If an employee is losing employment and the payment date falls on a date when the employer is closed (Saturday, Sunday or a holiday), the final payment is to be dispersed on the next business day.

    Employees separating during the campus closure will be paid all pay due on the December monthly payroll cycle, issued the first business day of the new year. Be sure to submit the AB2410 Form to the Payroll Office as soon as the separation is known during the month of December to insure that payment can be processed before campus closure.


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  • Resources

    The policies that apply to this campus business procedure include:

    The method for processing separation actions is determined according to individual employee reason, circumstance, and timing.


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  • Termination Benefits

    In general, termination benefits may be provided to an employee as a result of voluntary or involuntary early termination of services. Termination benefits are those that are over and above standard benefits (i.e., vacation pay, health care coverage, etc.) provided upon termination that are not provided by UCRP or the annuitant health plan.  The following are examples of termination benefits:

    • Health care coverage continuation
    • Expanded health care coverage
    • Expanded health care coverage not provided by UCRP annuitants
    • COBRA benefits paid by UCSC
    • Severance pay
    • Cash pay outs at, or following, termination, including annuity payments
    • Career counseling or job placement
    • Other payments such as moving expenses, attorneys' fees, damages and interest on back pay.

    Some of the benefits listed above exceed those provided under University policy and need to be approved as an exception or included in a settlement agreement approved by the Office of General Counsel.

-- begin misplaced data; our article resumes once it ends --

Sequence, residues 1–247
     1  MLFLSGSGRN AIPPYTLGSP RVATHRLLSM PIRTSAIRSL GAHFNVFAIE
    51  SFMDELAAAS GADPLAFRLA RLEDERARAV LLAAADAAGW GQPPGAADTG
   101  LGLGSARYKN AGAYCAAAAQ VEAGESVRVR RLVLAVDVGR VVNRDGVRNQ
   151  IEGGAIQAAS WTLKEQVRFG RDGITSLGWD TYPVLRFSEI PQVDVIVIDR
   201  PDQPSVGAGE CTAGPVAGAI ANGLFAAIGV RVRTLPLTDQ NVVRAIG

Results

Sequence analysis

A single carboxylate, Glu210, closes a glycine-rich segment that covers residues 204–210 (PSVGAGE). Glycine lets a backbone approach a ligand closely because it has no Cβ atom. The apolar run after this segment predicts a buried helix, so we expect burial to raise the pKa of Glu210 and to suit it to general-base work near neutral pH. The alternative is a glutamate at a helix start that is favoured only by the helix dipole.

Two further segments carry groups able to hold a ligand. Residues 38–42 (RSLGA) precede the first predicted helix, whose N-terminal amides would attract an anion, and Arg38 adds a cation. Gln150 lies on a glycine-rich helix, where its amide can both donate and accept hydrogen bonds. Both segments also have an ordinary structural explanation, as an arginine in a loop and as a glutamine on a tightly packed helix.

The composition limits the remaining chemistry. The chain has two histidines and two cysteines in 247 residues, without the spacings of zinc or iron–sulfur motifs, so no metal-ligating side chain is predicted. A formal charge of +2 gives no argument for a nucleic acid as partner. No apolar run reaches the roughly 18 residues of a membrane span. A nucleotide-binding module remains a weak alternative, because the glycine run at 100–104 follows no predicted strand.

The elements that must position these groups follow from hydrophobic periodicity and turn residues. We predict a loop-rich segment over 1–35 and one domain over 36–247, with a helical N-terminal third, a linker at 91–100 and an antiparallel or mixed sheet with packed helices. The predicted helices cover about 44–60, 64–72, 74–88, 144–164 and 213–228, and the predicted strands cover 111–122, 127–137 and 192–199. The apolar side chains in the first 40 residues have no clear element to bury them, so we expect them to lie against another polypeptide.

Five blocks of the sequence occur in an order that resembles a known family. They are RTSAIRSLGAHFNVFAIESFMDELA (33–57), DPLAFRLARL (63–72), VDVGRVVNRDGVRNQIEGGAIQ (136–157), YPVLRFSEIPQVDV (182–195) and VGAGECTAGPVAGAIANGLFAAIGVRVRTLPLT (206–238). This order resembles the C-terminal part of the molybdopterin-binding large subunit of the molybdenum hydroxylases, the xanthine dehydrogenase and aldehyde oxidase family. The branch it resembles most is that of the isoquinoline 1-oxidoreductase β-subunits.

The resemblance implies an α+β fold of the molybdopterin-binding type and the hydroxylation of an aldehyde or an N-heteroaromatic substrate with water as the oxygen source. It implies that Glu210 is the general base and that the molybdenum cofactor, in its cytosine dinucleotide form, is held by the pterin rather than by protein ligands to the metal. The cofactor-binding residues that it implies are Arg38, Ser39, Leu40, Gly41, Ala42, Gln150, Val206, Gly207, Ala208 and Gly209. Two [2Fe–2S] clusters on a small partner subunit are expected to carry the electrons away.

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  • Voluntary Termination Benefits

    Voluntary Termination Benefits represent payments made to employees as:

    • an inducement to hasten the termination of services or
    • as a result of a voluntary early termination plan.

    The University's obligation to provide benefits for voluntary terminations or separations typically arises as a result of a bilateral agreement in which the University agrees to provide benefits in exchange for which the employee agrees to leave service earlier than he or she otherwise would.

    Earn Code Description Usage
    VTL Voluntary Termination Lump Sum By-Agreement Settlement Payments, job placements, etc
    VTS Voluntary Termination Severance By-Agreement Severance
    VTR Voluntary Termination Regular Pay Regular Pay in monthly increments

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  • Involuntary Termination Benefits

    Involuntary Termination Benefits represents payments made to employees as a consequence of the involuntary termination of services. In contrast to voluntary terminations or separations, involuntary terminations result from a unilateral decision by the University, such as layoff. The conditions for involuntary terminations are outlined in personnel policy, which provides the basis for conveying these types of benefits to employees.

    For Involuntary Termination Benefits all of the following criteria must be met:

    • A plan of termination has been approved by those with the authority to commit the University to the plan
    • The plan has been communicated to the employee
    • Benefits can be estimated
    Earn Code Description Usage
    ITL Involuntary Termination Lump Sum By-Agreement Settlement Payments, job placements, etc.
    ITS Involuntary Termination Severance By-Agreement Severance
    ITR Involuntary Termination Regular Pay Regular pay in monthly increments
    ITP Involuntary Termination Pay-in-Lieu Regular pay in monthly increments in-lieu of notice

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  • Payments Outside of UCPath

    For non-salary termination payments made throughout the year outside of the UCPath system (ie, through the AP office), the following object codes should be used to record the payments:

    • Termination Benefits -- Voluntary: Object Code 8770
    • Termination Benefits -- Involuntary: Object Code 8875

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  • Required Backup

    For all payments involving termination benefits, we require backup sufficient to properly classify the payment, calculate net pay and apply appropriate benefits, deductions, etc. as agreed upon between both parties.